Sober Toolbox Skills –
One of the reasons I was adamant about quitting drinking this time was one situation in particular in which I was confronted at my job by my boss about my drinking. The reality of it really hit me hard and changed everything.
The hardest part of this was dealing with the anger, shame, and lack of self-respect with which I was suddenly overwhelmed. My excessive, uncontrolled and deceptive drinking patterns had damaged my relationships, my job, my friends, and my family.
To forgive myself I needed to understand real forgiveness. I first learned what it is not: Forgiving yourself is not forgetting what took place. It is not condoning or excusing the offense, and it does not mean you no longer believe what happened was wrong.
So, what is self-forgiveness, then? Self-forgiveness happens when you choose to let go of self-condemnation and shame, even if you feel you don’t deserve to let it go. You choose to give yourself mercy, generosity, and love. Because whether you believe it or not, you deserve to be free of that burden.
Reminding ourselves that we did the best we could with the tools and knowledge we had at the time, will help with self-forgiveness.
Learning How to Learn From Mistakes
I also learned that mistakes are how we learn. When we think of “mistakes” as learning experiences it gives us a chance to learn and improve our skills. Mistakes are errors, not crimes. We don’t commit mistakes. No one is immune to making mistakes – we are human, after all. But that doesn’t mean we should continue on without learning from them, or else we are bound to make the same mistakes again and again.
We are our own worst critics. If your first response to a negative situation is to criticize yourself, you are not alone. Still, it’s time to show yourself some kindness and compassion which is the best way to begin the journey to self-forgiveness.
UNDERSTANDING COGNITIVE DISTORTION AND COGNITIVE BEHAVIORAL THERAPY
In IOP I learned about “cognitive distortion” which is “faulty or inaccurate thinking, perception or belief.” Negativity is often the defining characteristic. I learned how to recognize it and respond in a healthy way. I learned of 12 of the most common types of cognitive distortion.
1. Magnification (Catastrophizing) or minimization:
It’s about exaggerating the importance of things. You expect the worst in any situation. i.e. If your boss calls a meeting, you think you may be fired. And your thinking spirals. The proper response is to question yourself with logical questions. As an example, “What is a logical reason boss is calling this meeting?”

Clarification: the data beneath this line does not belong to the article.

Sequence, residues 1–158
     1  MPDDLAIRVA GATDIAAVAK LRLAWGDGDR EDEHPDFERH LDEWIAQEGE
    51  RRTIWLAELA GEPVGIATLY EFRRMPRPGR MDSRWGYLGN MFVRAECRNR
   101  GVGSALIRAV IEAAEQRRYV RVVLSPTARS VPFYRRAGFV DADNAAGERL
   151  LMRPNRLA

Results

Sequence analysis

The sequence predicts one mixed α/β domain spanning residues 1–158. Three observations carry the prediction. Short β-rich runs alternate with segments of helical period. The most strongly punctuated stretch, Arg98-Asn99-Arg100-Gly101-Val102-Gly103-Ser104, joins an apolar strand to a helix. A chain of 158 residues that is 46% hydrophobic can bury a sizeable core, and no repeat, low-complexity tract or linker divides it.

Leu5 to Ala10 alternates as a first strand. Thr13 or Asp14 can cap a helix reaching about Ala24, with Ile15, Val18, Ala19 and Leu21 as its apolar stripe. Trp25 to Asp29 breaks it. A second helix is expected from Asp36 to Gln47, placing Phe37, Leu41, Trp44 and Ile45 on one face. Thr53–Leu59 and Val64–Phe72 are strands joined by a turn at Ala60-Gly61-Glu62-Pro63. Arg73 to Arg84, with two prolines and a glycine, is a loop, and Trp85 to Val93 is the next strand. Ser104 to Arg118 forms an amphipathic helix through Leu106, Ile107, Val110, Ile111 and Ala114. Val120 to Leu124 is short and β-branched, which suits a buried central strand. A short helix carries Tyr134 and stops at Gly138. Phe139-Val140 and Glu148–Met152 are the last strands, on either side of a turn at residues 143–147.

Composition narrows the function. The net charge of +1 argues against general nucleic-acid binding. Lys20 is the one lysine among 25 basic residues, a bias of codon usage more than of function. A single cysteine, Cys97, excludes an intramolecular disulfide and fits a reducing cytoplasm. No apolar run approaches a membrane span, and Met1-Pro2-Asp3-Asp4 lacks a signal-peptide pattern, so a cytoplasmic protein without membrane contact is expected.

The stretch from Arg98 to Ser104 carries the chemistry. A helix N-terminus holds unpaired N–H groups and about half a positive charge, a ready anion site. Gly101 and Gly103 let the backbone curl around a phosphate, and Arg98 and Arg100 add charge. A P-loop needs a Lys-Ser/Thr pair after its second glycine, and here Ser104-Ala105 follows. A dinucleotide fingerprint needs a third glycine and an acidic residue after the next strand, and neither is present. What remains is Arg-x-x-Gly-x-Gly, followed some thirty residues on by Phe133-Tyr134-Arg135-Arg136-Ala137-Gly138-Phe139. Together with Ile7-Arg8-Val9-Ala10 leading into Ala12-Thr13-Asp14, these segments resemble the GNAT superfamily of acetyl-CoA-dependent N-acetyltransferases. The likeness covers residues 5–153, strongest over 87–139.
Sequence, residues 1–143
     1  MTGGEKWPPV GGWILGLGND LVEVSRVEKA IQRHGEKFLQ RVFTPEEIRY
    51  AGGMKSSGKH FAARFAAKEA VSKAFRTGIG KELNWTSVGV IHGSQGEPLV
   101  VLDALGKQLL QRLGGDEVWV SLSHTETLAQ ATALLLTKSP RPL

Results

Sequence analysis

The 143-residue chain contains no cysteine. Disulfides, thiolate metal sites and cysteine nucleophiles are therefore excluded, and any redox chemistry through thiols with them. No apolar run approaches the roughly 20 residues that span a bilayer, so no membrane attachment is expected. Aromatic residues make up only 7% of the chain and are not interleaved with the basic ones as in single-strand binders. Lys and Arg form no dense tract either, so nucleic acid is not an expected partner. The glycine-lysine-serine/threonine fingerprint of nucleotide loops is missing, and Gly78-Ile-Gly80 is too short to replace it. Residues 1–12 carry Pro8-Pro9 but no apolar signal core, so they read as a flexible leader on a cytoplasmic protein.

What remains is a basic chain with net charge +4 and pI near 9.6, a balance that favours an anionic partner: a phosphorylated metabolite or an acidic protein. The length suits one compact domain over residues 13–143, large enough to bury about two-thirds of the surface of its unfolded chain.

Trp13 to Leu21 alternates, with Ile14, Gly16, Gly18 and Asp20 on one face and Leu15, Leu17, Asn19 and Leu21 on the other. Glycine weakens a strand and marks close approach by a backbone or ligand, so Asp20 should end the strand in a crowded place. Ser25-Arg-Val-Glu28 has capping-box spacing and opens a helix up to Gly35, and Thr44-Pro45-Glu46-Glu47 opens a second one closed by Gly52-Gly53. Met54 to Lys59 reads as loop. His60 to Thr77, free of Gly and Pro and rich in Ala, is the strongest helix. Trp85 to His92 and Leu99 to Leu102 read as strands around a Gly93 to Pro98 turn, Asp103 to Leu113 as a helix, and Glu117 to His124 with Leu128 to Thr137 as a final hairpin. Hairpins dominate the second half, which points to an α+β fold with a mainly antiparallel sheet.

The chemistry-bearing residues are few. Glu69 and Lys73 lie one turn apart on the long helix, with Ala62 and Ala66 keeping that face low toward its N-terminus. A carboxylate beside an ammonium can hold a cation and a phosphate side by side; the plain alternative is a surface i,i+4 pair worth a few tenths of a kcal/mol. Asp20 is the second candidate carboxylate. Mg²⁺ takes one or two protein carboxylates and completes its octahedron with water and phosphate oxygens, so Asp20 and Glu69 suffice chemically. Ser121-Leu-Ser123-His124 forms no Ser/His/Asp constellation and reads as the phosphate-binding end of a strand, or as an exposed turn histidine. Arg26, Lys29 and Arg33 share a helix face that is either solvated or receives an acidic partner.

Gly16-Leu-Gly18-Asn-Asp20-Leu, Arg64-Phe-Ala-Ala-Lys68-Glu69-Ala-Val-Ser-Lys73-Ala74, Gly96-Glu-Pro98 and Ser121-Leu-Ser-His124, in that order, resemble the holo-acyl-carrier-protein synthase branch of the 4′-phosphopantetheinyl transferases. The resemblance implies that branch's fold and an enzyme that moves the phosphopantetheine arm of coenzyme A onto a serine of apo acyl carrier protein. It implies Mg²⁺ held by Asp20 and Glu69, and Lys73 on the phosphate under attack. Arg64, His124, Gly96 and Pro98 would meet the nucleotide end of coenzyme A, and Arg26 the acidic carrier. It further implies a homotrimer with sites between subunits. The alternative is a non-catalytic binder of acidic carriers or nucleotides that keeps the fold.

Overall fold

2. All-or-nothing thinking
4. Mental filter
5. Disqualifying the positive
6. Jumping to conclusions
7. Mind reading
8. Fortune teller
9. Emotional reasoning
10. “Should” statements
These things are in essence part of my understanding of Cognitive Behavioral Therapy which I believe has been demonstrated to be more effective in helping people stop drinking than other forms of psychological therapy or psychiatric medications.
Sober Toolbox tools –
I learned about HALT, which stands for Hungry, Angry, Lonely, or Tired. Recognizing that these basic needs are being met, promotes self-awareness. When these needs are unmet is when we are most vulnerable to relapse.
Maintain a Strong Support Group –
I also learned about the importance of having an effective sober support group and being effective sober support for another. This is a very important tool in your Sober Tool Box. I learned that there are early signs that relapse is a good possibility. If you wait until you’re on the way to the liquor store, it may be too late.
I was shown how to create a Personal Relapse Program which also used the tools and support group. I addressed at length what situation would most likely find me drinking again and how I would handle it.
The friends I made through this program are still in touch. Though we are scattered across the map, we managed to meet last Summer for a reunion, which was, for most of us, the first time in person. Sadly, two of the group relapsed and we since lost touch, but they are not forgotten. Ready with arms open when they are ready.